We were able to make our mistakes in private, without anyone seeing them which, while potentially embarrassing personally, would've been disastrous professionally. Because if somehow those learner-novels had gotten published, we would've gotten reputations as sucky writers. Really, REALLY sucky writers.

But that might not have been fatal. Back then, all information wasn't accessible to everyone all the time. Reviews weren't permanently preserved in electronic amber for eternity. You could've kept on writing, could've eventually convinced agents and editors that you'd grown, that your work had improved. Reviewers soured on your earlier work would give the new stuff a try -- especially if a publisher vouched for it by bringing it out to the public with their stamp of approval -- and, with any luck (remember the formula?) you could leave your bad rep behind you and continue on to brighter days.

But that was then.

Now, the reader reviews of your self-published (and probably learner) novels -- if they are, um, less than enthusiastic -- will haunt you forever. Worse, new potential readers will see those reviews and decide to download someone else's book instead of yours. Imagine if you were a self-taught chef whose food was awful. Think you'll keep customers if you tell them to be patient because you're going to become a better cook in a few years? Customers will flee your restaurant in droves, never to return. And they'll tell all their friends to steer clear of your place. The same thing will happen with your self-published learner-novels.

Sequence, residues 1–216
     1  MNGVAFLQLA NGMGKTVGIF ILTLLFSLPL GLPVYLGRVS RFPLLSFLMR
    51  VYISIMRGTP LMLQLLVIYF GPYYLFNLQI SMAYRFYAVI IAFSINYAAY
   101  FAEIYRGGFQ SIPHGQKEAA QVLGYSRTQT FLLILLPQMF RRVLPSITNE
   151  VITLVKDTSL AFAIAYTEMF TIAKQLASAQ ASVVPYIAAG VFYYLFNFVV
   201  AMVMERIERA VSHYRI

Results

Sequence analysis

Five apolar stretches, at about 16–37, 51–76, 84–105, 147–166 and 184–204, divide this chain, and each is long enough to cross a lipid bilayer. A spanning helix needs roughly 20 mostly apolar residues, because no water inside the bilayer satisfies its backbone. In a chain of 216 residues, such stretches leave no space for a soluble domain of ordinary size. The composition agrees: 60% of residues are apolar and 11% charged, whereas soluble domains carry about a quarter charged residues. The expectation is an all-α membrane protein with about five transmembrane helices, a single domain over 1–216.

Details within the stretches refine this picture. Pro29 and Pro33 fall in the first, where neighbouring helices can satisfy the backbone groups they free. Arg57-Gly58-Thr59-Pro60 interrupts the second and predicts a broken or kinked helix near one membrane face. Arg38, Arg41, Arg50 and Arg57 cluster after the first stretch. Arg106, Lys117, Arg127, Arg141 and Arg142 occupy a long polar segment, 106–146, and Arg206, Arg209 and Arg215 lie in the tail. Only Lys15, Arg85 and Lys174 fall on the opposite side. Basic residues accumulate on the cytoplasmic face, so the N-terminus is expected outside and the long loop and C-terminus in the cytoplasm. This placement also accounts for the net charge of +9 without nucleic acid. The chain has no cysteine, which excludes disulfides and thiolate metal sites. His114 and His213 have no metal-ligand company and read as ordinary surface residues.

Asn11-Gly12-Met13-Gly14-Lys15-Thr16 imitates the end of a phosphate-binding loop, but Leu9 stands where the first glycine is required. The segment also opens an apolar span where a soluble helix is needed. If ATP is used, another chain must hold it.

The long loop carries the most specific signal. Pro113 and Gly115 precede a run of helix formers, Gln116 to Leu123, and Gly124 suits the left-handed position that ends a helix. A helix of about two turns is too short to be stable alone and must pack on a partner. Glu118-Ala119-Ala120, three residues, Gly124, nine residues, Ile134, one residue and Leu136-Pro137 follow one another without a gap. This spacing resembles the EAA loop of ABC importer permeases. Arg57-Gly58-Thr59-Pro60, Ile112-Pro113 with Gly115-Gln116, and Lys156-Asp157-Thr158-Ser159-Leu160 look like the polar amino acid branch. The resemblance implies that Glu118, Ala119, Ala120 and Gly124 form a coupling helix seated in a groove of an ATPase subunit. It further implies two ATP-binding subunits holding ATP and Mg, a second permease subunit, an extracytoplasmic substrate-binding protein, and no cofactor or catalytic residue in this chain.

The self-publishing ecosystem will be a Darwinian nightmare. Only the best writers will attract and continue to attract readers, and the rest will wonder why only their friends and relatives downloaded their first novel and why even they won't download the second. I suspect that gatekeepers of one sort of another will arise to assure some measure of quality for readers, but that's a blog topic for another day. Instead, I want to talk about how the self-publishing generation can acquire the benefits of persistence in a world where persistence is no longer necessary. Supposedly, the great thespian Sir Laurence Olivier, was once asked what the secret to great acting was.

"The key to great acting is sincerity," he said. "Once you can fake that, you've got it made."

So how do you "fake" persistence?

A huge service that agents and editors at publishing houses used to supply was feedback. When I started out, I submitted to small-press publications because I quickly learned they were more likely to provide feedback along with their rejections. I gathered personalized, detailed rejections for two years, then one day I sat down and collated and charted all the comments. I saw clear, specific areas where my writing needed improvement, and I got to work on making my writing better. It's no great surprise than I began selling much more regularly after that.

So if you're not working with agents and editors, and not getting feedback, what can you do?

Find a writers' group

Yeah, there's always the danger of "the blind leading the blind" with writers' groups, but if you gather a group of well-read, honest, self-aware writers, you can all help each other become better by simulating the submission and response process of Old Publishing.

Take a writing class

Try to find a well-published professional who teaches. All too often, creative writing classes are taught by college professors who have published little or nothing. Don't just look in your area. A lot of colleges and even individual writers offer classes online.

Get a writing degree